Is it really easier to hit a home run at Coors Field?

DENVER (KDVR) — While it may not seem like it with the Rockies’ record this year, it’s scientifically easier to hit a home run at Coors Field. But it’s not necessarily home advantage. Like most Denver phenomena, it has to do with the elevation of the Mile High City.

According to the Colorado Rockies website, Coors Field is known as the “easier field” because it hit a record 303 homers in 1999. The Rockies estimated that a home run with a distance of 400 feet at Yankee Stadium (sea level) would go as far as 440 feet in Denver.

CU Boulder examined the physical reasons why it’s easier to hit a home run at Coors Field. Peter Hamlington, associate professor in the Paul M. Rady Department of Mechanical Engineering, explains that this is because the air pressure is about 20% lower than in a park at sea level. With less drag, the ball can fly farther.

“Baseballs actually fly farther at Coors Field than at other parks, with most estimates suggesting a 5 to 10% increase in distance,” Hamlington said.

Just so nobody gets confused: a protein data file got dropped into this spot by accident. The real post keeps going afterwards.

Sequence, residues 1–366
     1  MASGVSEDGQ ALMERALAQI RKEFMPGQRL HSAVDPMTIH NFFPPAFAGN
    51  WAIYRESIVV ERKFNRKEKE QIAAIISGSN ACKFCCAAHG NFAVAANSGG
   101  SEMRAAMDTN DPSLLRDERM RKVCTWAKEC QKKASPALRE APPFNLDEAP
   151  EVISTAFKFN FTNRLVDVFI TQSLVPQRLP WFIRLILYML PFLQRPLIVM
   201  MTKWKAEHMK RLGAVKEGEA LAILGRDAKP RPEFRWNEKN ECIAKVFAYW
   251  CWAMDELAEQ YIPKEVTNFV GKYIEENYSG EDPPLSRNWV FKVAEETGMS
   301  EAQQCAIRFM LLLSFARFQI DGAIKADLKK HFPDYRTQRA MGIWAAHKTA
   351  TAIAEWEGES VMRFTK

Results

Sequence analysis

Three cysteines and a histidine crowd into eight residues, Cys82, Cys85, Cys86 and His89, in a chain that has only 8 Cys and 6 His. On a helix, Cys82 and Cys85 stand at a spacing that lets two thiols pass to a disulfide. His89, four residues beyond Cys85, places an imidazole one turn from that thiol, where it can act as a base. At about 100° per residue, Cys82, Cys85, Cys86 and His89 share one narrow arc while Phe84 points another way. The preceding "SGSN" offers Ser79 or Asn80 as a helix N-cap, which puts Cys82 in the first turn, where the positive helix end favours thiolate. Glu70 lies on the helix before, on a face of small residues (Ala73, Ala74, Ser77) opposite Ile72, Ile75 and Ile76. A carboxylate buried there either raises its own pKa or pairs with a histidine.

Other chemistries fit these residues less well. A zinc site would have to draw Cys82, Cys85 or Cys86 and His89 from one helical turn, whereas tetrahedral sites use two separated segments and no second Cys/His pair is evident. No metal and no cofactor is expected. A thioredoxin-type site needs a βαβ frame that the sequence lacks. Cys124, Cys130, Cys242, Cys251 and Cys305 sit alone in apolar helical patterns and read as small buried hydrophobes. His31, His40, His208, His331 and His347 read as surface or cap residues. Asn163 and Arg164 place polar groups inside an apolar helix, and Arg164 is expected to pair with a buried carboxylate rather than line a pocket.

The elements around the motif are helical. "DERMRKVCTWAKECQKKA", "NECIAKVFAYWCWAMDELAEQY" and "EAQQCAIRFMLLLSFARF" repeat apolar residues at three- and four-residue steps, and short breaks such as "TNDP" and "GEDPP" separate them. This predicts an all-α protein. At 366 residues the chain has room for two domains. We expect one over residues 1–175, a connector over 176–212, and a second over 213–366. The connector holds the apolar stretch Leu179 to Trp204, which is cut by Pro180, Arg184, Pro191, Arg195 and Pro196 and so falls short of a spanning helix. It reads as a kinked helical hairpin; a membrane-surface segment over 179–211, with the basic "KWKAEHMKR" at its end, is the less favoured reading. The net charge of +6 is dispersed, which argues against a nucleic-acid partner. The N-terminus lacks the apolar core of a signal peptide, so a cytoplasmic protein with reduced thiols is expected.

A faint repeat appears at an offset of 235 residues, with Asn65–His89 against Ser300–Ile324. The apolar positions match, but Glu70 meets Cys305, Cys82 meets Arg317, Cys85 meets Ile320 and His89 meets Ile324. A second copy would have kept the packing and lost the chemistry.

Just because it’s easier to hit a home run doesn’t necessarily mean Coors Field is easier to play. While the thinner air makes the ball fly farther, it also travels faster when thrown, which is good for the pitcher and bad for the batsman. It’s not child’s play for pitchers either. Curved balls curve less because of the thinner air, the Rockies said.

When it comes to natural factors, wind can actually be better than altitude. A ball flying 400 feet in a wind of 10 miles per hour (the average wind in the US) has the potential to morph into 430 feet, the Rockies said. A windy day at Yankee Stadium can be better than a calm day at Coors Field.

According to statistics compiled by Only Homers, there have been 154 home runs at Coors Field this season (as of August 28). That ‘s the 15th highest number in the league and only three – quarters the number of homers at Yankee Stadium with 209 .

Denver can’t really blame the Rockies for not doing quite as well this season. The Rockies have a little less than 20 home games left. Come by for a game before the season is over.



DevanCole is a Dailynationtoday U.S. News Reporter based in London. His focus is on U.S. politics and the environment. He has covered climate change extensively, as well as healthcare and crime. DevanCole joined Dailynationtoday in 2021 from the Daily Express and previously worked for Chemist and Druggist and the Jewish Chronicle. He is a graduate of Cambridge University. Languages: English. You can get in touch with me by emailing:

Related Articles

Back to top button